- Dynamic Eye sunglasses use moving LCD spot to reduce glare
- Aiming to Learn as We Do, a Machine Teaches Itself
- Artificial Cells Communicate and Cooperate Like Biological Cells, Ants
- Solar-radiation management could have unwanted regional impacts
- Bye-Bye Batteries: Radio Waves as a Low-Power Source
- A Soft Spot for Circuitry
- Steel City Project Converts Gasoline Cars to Run on Electricity
- Robot Pack Mule to Carry Loads for G.I.s on the Move
- Customizing Electric Cars for Cost-Effective Urban Commuting
Researchers at the University of Rochester Medical Center have developed a new imaging technique that could revolutionize how eye health and disease are assessed. The group is first to be able to make out individual cells at the back of the eye that are implicated in vision loss in diseases like glaucoma. They hope their new technique could prevent vision loss via earlier diagnosis and treatment for these diseases.
In a study highlighted in the Proceedings of the National Academy of Sciences, Ethan A. Rossi, Ph.D., assistant professor of Ophthalmology at the University of Pittsburgh School of Medicine, describes a new method to non-invasively image the human retina, a layer of cells at the back of the eye that are essential for vision. The group, led by David Williams, Ph.D., Dean for Research in Arts, Sciences, and Engineering and the William G. Allyn Chair for Medical Optics at the University of Rochester, was able to distinguish individual retinal ganglion cells (RGCs), which bear most of the responsibility of relaying visual information to the brain.
There has been a longstanding interest in imaging RGCs because their death causes vision loss in glaucoma, the second leading cause of acquired blindness worldwide. Despite great efforts, no one has successfully captured images of individual human RGCs, in part because they are nearly perfectly transparent.
This new approach might eventually allow us to detect the loss of single ganglion cells. The sooner we can catch the loss, the better our chances of halting disease and preventing vision loss.
Instead of imaging RGCs directly, glaucoma is currently diagnosed by assessing the thickness of the nerve fibers projecting from the RGCs to the brain. However, by the time a change is typically detected in the retinal nerve fiber thickness, a patient may have lost tens of thousands of RGCs or more.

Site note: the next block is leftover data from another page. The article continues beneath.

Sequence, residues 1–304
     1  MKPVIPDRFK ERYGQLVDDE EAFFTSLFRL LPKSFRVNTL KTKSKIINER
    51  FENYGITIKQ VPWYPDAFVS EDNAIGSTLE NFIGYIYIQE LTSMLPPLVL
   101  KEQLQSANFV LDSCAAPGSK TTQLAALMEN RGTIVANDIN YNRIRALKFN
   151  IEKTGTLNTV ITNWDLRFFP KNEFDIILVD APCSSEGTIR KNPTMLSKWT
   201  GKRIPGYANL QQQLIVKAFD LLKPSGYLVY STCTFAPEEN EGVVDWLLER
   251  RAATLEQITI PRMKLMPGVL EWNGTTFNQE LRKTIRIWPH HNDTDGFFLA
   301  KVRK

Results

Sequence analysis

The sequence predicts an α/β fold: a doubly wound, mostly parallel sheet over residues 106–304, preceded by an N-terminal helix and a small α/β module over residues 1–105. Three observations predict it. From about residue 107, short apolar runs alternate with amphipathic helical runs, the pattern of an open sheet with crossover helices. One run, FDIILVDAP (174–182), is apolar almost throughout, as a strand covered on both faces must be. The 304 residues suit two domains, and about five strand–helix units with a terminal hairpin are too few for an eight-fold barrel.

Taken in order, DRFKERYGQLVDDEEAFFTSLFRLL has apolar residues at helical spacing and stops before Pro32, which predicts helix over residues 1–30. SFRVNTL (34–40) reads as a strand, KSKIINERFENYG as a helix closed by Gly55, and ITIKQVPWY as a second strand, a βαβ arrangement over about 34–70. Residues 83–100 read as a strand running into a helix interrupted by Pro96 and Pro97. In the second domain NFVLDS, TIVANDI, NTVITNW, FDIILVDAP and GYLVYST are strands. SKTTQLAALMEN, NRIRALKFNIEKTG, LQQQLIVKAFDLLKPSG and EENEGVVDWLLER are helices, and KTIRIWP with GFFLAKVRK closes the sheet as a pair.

“In principle, this new approach might eventually allow us to detect the loss of single ganglion cells,” said Williams. “The sooner we can catch the loss, the better our chances of halting disease and preventing vision loss.”
Rossi and his colleagues were able to see RGCs by modifying an existing technology – confocal adaptive optics scanning light ophthalmoscopy (AOSLO). They collected multiple images, varying the size and location of the detector they used to gather light scattered out of the retina for each image, and then combined those images. The technique, called multi-offset detection, was performed at the University of Rochester Medical Center in animals as well as volunteers with normal vision and patients with age-related macular degeneration.
While RGCs were the main focus of Rossi’s investigations, they are just one type of cell that can be imaged using this new technique. In age-related macular degeneration, cone photoreceptors that detect color and are important for central vision are the first to die. AOSLO has been used to image cones before, but these cells were difficult to see in areas near Drusen, fatty deposits that are the most common early sign of the disease. Using their multi-offset technique in age-related macular degeneration patients, Rossi was able to assess the health of cones near Drusen and in areas where the retina had been damaged.
“This technique offers the opportunity to evaluate many retinal features that have previously remained inaccessible to imaging in the living eye,” said Rossi. “Not only RGCs, but potentially other nearly transparent cell classes as well.”
Rossi and his colleagues warn that their study included a small number of volunteers and an even smaller number of age-related macular degeneration patients. More studies will be needed to improve the robustness of the technique before it can be widely used in the clinic. Rossi is now setting up his own laboratory at the University of Pittsburgh and plans to continue working with Williams’ group in studying this technique and its ability to detect changes in retinal cells over the course of retinal diseases.
Pitt researcher uses zebrafish to help mammalian hearts regenerate, including promising results in human heart cells in vitro
Many lower forms of life on earth exhibit an extraordinary ability to regenerate tissue, limbs, and even organs—a skill that is lost among humans and other mammals. Now, a University of Pittsburgh researcher has used the components of the cellular “scaffolding” of a zebrafish to regenerate heart tissues in mammals, specifically mice, as well as exhibiting promising results in human heart cells in vitro.
The findings offer promise to overcoming heart disease, the leading cause of death for men and women.
The study, led by Yadong Wang, the William Kepler Whiteford Professor in Bioengineering in the Swanson School of Engineering and the principal investigator of the Biomaterials Foundry at Pitt, found that a single administration of extracellular matrices (ECM) from zebrafish hearts restored the function of the heart and regenerated adult mouse heart tissues after acute myocardial infarction.